× Bidding has ended on this item.

Letter by R. Mordechai Hager, Admor of Vishnitz Monsey, Monsey 2006

כתב מה"ר מרדכי הגר, אדמו"ר ווישניץ מאנסי - Hasidic - Manuscript

Listing Image
Payment Options
Seller Accepts Credit Cards

Payment Instructions
You will be emailed an invoice with payment instructions upon completion of the auction.
  • Lot Number 53171
  • Title (English) Manuscript by R. Mordechai Hager, Admor of Vishnitz Monsey
  • Title (Hebrew) כתב מה"ר מרדכי הגר, אדמו"ר ווישניץ מאנסי
  • Note Manuscript
  • City Monsey
  • Publication Date 2006
  • Estimated Price - Low 500
  • Estimated Price - High 1,000

  • Item # 2329759
  • End Date
  • Start Date

Physical Description

[1] p., 280:215 mm., light age staining, ink on paper, signed and dated.


Detail Description

A letter signed by the Admor with several words. R. Mordechai Hager was the Vizhnitzer Rebbe in Monsey (1922-2018) was the Admor of Vizhnitz Hasidic sect in Monsey for 46 years, and had a following of tens of thousands of hasidim. . He is known for his devotion to learning Torah. He studies 18 hours a day and asks his Hasidim to study at least two hours every day. R. Mordechai has thousands of followers internationally.

He was born in Grossverdein to Rabbi Chaim Meir Hager (1888—1972), later the Vizhnitz Rebbe, and Margalia, the daughter of Rabbi Ze'ev Twersky, the Admor of Rachmastrivka.From his childhood, he followed his grandfather, the Admor Rabbi Yisroel Hager (Ahavat Yisrael). At the age of 18 he went to study for a short period with Rebbe Yoel of Satmar. Reb Mottele also learned in Pupa under the late Pupa Rebbe.He married Figa Malka, the daughter of Rabbi Yaakov Yosef Twersky, Zt"l (1899—1968), late Skverer Rebbe. After she died without children, he married her younger sister Sima Mirel and together they had 14 children, 8 sons and 6 daughters.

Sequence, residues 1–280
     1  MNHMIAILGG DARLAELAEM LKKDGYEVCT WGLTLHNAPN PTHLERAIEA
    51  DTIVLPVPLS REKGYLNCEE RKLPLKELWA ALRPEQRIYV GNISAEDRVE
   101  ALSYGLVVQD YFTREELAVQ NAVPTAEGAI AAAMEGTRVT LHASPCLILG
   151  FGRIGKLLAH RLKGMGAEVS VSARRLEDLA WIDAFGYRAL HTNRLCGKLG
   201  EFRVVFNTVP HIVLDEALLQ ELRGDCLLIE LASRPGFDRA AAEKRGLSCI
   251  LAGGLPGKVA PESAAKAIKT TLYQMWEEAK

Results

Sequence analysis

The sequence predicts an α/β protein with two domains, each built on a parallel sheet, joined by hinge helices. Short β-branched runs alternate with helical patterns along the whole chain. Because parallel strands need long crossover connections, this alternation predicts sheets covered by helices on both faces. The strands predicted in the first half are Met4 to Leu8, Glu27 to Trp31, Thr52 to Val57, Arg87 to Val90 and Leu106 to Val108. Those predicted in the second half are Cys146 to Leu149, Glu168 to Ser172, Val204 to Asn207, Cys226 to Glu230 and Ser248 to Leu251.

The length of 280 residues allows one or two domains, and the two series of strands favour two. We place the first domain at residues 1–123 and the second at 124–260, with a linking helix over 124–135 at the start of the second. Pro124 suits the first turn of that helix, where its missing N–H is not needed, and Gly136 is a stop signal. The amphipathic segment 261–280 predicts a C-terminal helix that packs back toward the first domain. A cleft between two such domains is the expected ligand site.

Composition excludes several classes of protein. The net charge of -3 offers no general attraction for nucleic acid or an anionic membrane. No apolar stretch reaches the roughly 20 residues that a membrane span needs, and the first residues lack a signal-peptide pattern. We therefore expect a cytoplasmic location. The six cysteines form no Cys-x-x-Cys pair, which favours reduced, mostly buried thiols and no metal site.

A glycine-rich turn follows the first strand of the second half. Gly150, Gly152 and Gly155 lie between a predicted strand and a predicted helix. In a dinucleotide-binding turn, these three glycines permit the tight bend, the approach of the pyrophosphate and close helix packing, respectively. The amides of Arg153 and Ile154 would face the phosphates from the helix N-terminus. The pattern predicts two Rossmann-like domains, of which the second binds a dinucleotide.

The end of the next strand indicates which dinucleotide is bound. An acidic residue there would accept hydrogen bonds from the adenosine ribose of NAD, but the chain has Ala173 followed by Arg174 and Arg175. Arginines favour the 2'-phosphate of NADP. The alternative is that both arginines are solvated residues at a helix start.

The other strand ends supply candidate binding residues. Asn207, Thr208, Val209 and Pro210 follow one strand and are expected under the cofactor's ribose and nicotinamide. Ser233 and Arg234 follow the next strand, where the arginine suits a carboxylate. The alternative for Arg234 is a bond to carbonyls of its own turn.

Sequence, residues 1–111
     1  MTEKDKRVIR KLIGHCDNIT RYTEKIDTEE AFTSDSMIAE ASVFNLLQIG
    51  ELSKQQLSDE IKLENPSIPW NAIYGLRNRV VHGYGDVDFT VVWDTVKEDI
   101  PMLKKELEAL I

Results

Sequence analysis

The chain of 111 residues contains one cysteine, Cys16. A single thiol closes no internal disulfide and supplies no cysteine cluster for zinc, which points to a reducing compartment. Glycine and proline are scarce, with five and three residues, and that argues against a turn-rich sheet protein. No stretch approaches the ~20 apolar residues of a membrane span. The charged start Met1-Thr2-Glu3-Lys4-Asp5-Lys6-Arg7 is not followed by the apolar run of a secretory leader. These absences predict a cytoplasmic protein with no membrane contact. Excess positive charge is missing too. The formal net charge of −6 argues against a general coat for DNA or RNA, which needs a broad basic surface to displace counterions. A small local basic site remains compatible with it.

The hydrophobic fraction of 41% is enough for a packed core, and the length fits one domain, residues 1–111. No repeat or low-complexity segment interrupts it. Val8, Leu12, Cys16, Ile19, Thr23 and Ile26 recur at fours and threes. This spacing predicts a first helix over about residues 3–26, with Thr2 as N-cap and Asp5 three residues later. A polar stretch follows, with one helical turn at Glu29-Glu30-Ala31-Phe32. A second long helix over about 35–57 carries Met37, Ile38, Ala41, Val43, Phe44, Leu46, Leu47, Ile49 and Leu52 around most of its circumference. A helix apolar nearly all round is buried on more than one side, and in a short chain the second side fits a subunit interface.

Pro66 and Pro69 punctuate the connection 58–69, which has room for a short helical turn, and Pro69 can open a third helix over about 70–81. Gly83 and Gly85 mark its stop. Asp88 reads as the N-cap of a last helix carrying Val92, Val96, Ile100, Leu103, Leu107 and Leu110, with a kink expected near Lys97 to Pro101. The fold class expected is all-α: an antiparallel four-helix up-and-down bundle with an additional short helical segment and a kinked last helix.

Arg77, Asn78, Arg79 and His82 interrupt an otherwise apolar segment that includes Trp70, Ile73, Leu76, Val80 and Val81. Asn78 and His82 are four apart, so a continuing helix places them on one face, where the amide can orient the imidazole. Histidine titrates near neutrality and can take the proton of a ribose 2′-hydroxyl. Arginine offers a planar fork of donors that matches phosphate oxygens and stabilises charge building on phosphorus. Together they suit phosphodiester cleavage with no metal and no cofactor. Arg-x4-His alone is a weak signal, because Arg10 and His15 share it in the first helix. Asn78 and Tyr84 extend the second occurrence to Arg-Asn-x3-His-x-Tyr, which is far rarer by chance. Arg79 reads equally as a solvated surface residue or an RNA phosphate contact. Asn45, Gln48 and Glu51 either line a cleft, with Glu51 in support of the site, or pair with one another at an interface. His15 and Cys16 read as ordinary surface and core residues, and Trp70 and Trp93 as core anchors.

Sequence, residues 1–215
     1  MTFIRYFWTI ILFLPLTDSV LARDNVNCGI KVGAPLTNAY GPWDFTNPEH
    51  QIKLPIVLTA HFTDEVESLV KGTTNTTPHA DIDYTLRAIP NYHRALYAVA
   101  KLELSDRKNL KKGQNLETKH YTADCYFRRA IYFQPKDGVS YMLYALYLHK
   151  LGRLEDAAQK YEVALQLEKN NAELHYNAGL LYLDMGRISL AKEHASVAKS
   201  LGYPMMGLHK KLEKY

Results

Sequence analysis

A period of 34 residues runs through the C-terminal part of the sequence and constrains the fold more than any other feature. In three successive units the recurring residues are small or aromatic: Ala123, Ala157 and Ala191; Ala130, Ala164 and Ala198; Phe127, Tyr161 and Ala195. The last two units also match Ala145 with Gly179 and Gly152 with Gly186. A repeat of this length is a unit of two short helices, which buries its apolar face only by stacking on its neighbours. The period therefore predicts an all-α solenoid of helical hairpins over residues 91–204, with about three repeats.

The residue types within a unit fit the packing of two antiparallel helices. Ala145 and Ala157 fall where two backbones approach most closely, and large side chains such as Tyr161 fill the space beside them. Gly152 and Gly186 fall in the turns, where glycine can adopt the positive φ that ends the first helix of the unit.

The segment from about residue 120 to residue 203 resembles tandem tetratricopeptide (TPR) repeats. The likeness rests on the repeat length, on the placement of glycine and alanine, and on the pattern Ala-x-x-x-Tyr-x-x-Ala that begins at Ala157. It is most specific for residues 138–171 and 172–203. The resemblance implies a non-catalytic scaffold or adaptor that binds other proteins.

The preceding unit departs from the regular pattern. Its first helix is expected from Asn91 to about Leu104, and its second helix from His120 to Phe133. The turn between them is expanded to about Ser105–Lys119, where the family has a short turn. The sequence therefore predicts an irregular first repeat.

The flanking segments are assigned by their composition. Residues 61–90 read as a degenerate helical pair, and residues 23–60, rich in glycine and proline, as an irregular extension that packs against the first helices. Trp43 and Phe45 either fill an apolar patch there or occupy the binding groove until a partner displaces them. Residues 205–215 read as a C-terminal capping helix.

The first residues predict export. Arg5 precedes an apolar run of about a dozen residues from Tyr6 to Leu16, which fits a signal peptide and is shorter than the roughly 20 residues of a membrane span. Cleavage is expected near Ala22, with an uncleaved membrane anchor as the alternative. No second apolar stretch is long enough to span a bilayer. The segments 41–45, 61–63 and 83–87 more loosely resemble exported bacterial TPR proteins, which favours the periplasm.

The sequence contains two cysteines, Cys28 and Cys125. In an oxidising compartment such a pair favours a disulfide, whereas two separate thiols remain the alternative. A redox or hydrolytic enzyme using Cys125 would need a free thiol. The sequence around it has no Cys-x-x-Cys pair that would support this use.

R. Hager had a world view similar to that of his grandfather, the Admor Rabbi Yisroel Hager (Ahavat Yisrael). During Seudah shlishit he used to protest against loopholes in religion. He had forbidden his followers to carry on Shabbos in Boro Park and Williamsburg, despite the Hechsher given to the local Eiruv by some of the city's rabbis. He would object to eating ice cream at the end of the meal, due to halakhic doubts and also for the purpose of celibacy of the pleasures of this world which is worthy of the servant of G-d, as he has clarified several times. He would object to being photographed, and even appealed to the editorial offices of the Haredi newspapers not to publish his pictures. In addition to keeping a very strictly kosher diet, he was personally a pescatarian ovo-lacto-vegetarian, although he never expressed the main reason for this practice, and did not encourage others to follow his example.